In the comments field of a previous post, Blue Page astutely asked me to elaborate on my reference to "the God Money" (mentioned on Monday in relation to the Gulf oil tragedy). I'd like to do so here. Being a skeptical agnostic, I try nonetheless to use the word God carefully. I used it then as an expression of my frustration with capitalist culture: with the way that corporate rights equal or sometimes transcend personal rights, and earnings reports seem to trump ecosystem health, cultural heritage, and community integrity. There is reverence in our society for the right to profit, and I think that money has become something other than what it should be: a means of greasing the "goods for services" or "goods for goods" trading system. It has become an end in itself. People kill for it, people die for it. In this way, it is treated like a deity. I'm all for ownership: I'm glad I have a house, a mule, food from the grocery store. I also think that the rights of people, animals, and the environment should be weighed carefully against the rights to property ownership and resource use. The right of BP to drill with shaky safety systems and indefensibly poor emergency action plans, the right of industrial-age "farmers" to torture the soil into submission, to warehouse animals like inanimate inventory and to feed them the dirty byproducts of other industries, the right of Ford and Toyota to manufacture gas guzzlers, my right to choose an SUV over a compact electric vehicle, or to own a car at all—these things are protected with almost religious fervor by our regulatory system, and I don't think they should be.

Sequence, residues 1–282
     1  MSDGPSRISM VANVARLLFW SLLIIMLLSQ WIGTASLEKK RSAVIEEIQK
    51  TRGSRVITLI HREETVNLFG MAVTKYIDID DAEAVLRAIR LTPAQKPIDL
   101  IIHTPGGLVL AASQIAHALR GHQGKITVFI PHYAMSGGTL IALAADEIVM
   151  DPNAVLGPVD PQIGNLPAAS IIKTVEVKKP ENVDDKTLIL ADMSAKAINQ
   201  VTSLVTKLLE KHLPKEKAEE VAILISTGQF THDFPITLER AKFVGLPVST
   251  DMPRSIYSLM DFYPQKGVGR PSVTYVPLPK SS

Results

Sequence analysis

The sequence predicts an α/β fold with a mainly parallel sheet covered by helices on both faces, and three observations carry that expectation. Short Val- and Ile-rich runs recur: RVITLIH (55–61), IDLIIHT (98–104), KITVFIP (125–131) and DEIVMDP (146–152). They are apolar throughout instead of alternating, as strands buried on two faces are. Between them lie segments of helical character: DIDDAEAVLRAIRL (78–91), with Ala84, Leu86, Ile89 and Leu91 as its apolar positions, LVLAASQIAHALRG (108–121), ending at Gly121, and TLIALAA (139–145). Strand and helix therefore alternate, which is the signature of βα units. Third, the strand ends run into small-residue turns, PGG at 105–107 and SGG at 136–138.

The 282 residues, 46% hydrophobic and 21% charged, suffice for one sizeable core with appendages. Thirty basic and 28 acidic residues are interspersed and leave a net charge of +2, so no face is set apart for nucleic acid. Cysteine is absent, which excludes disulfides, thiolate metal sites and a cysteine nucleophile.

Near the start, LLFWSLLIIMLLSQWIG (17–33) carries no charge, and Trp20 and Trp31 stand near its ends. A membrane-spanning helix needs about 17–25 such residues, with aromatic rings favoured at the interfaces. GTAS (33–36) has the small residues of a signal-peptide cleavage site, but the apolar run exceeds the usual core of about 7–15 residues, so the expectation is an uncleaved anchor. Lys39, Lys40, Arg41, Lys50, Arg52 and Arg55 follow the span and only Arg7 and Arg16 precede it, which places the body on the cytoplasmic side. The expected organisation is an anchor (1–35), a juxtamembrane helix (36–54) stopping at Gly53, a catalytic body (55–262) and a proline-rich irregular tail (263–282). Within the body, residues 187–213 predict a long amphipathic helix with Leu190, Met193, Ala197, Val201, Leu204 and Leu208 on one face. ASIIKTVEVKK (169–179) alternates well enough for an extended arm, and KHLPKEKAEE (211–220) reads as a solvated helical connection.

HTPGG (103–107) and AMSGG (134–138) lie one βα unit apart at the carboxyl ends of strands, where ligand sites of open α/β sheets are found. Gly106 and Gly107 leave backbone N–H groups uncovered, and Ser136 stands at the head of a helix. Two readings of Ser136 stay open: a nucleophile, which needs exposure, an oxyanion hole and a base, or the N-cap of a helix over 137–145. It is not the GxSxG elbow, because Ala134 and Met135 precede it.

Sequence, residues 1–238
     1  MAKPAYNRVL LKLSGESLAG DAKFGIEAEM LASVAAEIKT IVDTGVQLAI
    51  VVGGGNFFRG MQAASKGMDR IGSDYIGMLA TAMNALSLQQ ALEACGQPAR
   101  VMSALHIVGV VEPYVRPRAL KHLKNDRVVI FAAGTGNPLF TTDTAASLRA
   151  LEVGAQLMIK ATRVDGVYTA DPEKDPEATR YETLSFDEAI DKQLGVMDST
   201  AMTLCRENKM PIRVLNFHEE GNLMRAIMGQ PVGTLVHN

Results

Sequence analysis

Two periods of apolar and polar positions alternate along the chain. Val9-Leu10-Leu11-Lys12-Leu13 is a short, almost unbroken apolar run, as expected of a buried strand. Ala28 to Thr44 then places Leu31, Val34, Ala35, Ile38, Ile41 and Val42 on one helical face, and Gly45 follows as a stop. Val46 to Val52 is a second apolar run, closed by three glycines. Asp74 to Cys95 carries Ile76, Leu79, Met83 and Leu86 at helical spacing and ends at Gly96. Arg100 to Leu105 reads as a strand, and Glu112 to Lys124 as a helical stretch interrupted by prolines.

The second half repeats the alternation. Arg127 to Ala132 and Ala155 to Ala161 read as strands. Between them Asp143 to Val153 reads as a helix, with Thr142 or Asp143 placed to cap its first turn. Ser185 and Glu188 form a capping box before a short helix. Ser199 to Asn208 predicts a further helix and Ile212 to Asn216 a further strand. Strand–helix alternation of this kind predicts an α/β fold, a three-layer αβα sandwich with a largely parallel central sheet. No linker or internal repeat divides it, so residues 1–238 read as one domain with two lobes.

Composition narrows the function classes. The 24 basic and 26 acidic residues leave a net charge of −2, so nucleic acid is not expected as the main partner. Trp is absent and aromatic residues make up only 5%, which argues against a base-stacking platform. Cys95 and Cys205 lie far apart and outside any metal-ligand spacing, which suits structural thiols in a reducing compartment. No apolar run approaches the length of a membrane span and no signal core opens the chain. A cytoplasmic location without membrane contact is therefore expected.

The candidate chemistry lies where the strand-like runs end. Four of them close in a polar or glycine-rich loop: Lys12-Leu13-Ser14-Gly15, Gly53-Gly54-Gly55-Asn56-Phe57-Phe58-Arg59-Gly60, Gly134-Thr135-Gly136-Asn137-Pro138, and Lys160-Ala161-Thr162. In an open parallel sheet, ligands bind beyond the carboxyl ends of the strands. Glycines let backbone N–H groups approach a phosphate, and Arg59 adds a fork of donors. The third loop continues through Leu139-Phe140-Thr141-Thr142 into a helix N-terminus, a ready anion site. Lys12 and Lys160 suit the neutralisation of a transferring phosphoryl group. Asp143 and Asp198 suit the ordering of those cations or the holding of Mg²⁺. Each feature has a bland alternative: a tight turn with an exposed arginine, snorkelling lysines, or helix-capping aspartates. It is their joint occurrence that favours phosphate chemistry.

I don't have the answers, but I do know that economic growth has had a huge human and environmental toll. Ecosystem destruction and labor exploitation in developing nations; gushing oil and strip-mined landscapes in the US and abroad; sprawling land fills, soaring carbon dioxide levels, rapid ozone depletion, dangerous topsoil loss, deforestation—these things may once have been attributable to ignorance, but in this day and age there is surely a better way. I have no doubt that the means for wide-scale use of clean, green alternative energy and sustainable, soil-friendly organic agriculture exist right now. Perhaps it is naive to suggest that changes could be effected today—everywhere—to create a zero-carbon, world family of healthy eco-warriors. I do think, however, that it is the monetary interests of existing big business and its defense of fossil fuel-based industry, intensive production, and rapid consumption, that stand in the way of change. It goes against the "growth" model to promote green technology in the developed world, but why do we insist on growth, and at what cost?
If the true cost of a gallon of gasoline and a pound of storebought beef were measured I think we would manage, as a culture, to walk a very different path, and I think that letting consumers pay these true costs would be a step in the right direction. In broader philosophical terms, I think we should put money in its place as a tool for the betterment of human community-building. It doesn't belong on a pedestal.